On Saturday, we took a break from the pandemic to go outside and look for a comet. We live in a Dallas suburb, but one which has grown a lot in 10 years. The skies are not quite as dark as they used to be, but we thought it might be possible to spot and view Comet Neowise.
We set out just before 9pm to a local city park. Jodi had the binoculars I got from my grandfather when he passed away; I had the new DSLR camera Jodi got me for Christmas last year. The sky was still showing the last glow of sunset, and city lights coming on across North Texas was being gently scattered back down to Earth, creating a faint but irreducible haze in the sky. We found a good spot to try to see the comet. Jodi located it with an iOS skywatching app, and we waited for more darkness to settle.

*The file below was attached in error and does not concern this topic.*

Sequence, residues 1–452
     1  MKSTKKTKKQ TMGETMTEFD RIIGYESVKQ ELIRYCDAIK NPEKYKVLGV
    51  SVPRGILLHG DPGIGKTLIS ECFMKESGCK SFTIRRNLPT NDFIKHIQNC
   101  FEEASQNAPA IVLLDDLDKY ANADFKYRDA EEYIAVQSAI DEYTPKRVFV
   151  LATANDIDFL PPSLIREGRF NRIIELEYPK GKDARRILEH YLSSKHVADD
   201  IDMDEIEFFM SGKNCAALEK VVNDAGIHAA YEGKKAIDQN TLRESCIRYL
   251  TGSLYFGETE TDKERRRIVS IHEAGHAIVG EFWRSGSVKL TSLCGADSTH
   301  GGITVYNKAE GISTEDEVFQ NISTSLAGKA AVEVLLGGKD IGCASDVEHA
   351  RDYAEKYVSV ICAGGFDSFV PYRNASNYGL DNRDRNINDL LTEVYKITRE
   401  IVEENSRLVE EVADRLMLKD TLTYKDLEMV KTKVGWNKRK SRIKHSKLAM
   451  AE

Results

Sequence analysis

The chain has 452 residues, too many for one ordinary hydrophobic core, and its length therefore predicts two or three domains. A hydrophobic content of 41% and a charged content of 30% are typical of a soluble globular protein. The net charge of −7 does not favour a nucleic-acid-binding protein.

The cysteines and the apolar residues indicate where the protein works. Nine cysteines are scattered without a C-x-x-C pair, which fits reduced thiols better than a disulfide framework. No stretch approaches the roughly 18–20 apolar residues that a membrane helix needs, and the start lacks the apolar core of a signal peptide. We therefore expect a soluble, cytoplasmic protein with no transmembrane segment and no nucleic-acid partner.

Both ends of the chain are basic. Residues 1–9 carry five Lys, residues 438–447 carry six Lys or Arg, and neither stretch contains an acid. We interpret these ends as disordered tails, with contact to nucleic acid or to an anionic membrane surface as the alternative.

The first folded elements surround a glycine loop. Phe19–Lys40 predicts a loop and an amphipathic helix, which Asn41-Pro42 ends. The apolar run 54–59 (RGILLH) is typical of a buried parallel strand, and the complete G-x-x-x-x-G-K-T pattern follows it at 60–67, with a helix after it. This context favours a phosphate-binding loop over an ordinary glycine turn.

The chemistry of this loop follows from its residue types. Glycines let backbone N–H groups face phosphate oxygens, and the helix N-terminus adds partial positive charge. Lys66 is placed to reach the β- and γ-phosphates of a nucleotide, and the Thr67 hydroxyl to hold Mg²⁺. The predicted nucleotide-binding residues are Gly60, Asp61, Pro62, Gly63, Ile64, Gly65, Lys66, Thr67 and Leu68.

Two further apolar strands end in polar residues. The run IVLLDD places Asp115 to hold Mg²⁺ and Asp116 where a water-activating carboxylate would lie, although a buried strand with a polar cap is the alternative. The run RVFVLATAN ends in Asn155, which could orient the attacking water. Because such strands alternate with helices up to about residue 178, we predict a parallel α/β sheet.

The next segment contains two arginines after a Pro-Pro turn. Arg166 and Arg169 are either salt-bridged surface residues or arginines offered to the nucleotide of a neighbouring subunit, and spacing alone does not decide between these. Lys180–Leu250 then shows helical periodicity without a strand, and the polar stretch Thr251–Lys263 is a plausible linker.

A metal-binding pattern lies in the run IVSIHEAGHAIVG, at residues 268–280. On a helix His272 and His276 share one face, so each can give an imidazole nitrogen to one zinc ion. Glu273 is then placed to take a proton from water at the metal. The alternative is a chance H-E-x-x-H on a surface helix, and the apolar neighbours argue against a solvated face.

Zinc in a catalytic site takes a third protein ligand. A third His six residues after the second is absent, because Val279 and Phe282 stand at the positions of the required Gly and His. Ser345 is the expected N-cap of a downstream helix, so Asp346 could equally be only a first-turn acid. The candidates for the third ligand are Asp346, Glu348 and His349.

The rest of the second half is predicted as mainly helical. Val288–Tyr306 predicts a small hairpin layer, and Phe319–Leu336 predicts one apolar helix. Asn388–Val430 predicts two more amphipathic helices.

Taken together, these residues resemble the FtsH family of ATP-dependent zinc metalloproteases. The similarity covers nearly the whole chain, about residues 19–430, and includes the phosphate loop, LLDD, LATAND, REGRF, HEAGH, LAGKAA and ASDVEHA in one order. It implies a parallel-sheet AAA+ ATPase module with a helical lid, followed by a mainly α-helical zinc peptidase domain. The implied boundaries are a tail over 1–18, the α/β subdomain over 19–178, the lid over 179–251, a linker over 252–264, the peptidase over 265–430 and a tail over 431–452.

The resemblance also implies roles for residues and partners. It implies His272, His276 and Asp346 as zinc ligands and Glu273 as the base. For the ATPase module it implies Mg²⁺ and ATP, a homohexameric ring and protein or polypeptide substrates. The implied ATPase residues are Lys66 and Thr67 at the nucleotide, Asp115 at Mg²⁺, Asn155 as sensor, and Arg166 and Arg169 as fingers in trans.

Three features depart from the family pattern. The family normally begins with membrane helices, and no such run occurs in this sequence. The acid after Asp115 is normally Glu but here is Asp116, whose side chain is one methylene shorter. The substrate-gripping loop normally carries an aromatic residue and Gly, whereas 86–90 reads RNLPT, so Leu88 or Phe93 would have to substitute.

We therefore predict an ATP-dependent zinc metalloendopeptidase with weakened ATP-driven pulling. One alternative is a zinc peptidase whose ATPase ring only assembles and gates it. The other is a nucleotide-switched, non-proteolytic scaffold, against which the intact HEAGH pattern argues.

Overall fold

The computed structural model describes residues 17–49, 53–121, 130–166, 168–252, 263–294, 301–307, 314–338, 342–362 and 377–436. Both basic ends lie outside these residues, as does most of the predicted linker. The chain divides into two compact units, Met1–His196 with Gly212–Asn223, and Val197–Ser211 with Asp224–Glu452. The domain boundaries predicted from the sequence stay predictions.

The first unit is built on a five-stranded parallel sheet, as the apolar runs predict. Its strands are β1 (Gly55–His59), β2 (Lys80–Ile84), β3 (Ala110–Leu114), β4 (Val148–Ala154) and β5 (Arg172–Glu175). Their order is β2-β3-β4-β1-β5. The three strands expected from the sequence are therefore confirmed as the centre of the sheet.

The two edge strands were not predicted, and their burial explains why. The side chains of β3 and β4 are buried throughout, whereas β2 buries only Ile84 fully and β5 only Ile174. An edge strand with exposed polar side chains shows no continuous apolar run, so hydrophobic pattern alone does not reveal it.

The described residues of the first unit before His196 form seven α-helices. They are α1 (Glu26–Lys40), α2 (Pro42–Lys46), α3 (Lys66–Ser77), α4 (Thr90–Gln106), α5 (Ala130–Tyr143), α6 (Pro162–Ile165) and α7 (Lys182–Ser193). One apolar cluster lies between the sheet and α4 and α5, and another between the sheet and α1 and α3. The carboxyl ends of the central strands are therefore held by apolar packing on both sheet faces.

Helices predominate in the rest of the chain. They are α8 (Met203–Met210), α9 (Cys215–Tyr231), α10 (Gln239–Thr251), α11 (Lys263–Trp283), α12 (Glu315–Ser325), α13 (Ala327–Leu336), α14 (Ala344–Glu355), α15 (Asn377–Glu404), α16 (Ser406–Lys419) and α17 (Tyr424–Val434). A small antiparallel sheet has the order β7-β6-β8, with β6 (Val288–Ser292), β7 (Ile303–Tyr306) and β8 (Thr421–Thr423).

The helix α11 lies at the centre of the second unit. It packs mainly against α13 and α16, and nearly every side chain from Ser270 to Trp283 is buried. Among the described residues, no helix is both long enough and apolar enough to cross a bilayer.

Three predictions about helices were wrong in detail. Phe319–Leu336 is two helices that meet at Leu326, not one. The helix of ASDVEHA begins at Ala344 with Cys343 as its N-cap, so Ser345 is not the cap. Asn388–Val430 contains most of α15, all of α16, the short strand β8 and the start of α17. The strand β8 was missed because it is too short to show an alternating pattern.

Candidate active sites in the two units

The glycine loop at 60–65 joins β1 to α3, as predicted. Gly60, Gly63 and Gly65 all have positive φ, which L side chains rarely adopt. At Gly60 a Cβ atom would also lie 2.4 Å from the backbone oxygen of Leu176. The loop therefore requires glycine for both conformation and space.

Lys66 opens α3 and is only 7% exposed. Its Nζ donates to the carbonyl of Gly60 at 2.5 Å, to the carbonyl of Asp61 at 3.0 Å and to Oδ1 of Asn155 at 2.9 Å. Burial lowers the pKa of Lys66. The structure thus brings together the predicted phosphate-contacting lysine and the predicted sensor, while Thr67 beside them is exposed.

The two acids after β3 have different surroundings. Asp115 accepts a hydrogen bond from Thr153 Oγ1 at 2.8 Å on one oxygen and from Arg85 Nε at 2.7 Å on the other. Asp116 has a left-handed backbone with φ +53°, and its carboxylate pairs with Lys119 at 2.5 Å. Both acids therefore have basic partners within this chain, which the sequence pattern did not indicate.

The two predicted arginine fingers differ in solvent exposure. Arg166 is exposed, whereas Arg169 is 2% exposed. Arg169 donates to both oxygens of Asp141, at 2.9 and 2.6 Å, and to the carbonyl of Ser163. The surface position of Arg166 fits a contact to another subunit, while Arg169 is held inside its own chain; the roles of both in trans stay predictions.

While waiting, we took stock of the night sky. Planets and stars peeked out of the twilight Arcturus glowed orange overhead. Jupiter lit the sky closer to the southern horizon, with the four Galilean Moons clearly visible under even modest magnification. Our real prize was to be found just below the cup of the Big Dipper. As the sky conditions settled to just about the best possible, we started spotting the stars of the Big Dipper more closely and hunting for the comet.
We knew to start from Merak, the star that makes up the front lower edge of the dipper’s cup. Go straight down from Merak, and the comet would lie somewhere along that line. Indeed, once we employed the binoculars, the bright core of the comet and the fainter long arcing wisp of its tail were clear. This was incredibly thrilling; I’ve never had a chance to see a comet first-hand before.
I got the camera setup and aimed in the general area where the comet should appear. In particular, we noted that Neowise was framed by a triangular arrangement of background stars. Spotting those was hard on the camera, but after a few long exposures at high ISO (>1600), it was clear where to center the shot to best pickup the comet.